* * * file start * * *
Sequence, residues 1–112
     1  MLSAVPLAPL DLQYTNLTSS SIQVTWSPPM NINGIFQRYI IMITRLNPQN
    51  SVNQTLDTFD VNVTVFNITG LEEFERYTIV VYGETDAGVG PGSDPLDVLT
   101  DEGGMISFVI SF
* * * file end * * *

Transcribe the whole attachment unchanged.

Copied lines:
Sequence, residues 1–112
     1  MLSAVPLAPL DLQYTNLTSS SIQVTWSPPM NINGIFQRYI IMITRLNPQN
    51  SVNQTLDTFD VNVTVFNITG LEEFERYTIV VYGETDAGVG PGSDPLDVLT
   101  DEGGMISFVI SF